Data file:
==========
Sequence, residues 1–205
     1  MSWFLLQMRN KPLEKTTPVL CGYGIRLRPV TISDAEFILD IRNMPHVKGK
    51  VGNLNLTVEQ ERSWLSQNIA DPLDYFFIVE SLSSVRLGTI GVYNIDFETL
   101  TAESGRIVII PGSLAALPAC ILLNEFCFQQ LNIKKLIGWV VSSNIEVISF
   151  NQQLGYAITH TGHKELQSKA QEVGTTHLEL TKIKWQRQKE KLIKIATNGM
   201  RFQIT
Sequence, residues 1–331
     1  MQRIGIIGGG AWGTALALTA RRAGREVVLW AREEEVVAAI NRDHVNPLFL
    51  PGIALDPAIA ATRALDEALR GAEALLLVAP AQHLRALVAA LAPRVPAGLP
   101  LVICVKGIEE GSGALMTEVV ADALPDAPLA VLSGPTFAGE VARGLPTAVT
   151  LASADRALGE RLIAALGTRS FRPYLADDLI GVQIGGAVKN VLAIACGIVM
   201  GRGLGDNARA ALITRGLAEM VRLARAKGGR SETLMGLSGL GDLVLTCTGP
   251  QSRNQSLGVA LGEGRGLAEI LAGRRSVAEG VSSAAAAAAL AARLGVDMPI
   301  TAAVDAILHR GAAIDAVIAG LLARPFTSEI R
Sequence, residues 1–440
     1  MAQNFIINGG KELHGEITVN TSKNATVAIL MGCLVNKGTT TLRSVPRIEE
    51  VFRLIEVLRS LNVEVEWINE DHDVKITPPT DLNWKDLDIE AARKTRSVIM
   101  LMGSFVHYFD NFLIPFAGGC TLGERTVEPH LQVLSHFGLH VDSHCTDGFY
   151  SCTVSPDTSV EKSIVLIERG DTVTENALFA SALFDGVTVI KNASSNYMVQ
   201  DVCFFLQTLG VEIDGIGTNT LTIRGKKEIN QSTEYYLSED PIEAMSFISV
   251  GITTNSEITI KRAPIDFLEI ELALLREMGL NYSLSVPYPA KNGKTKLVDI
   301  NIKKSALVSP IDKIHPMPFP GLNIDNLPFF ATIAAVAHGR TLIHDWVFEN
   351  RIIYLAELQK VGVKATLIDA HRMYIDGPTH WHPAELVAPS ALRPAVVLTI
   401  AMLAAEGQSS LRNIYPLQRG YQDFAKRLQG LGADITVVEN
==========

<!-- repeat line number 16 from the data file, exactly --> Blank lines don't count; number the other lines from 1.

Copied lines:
     1  MAQNFIINGG KELHGEITVN TSKNATVAIL MGCLVNKGTT TLRSVPRIEE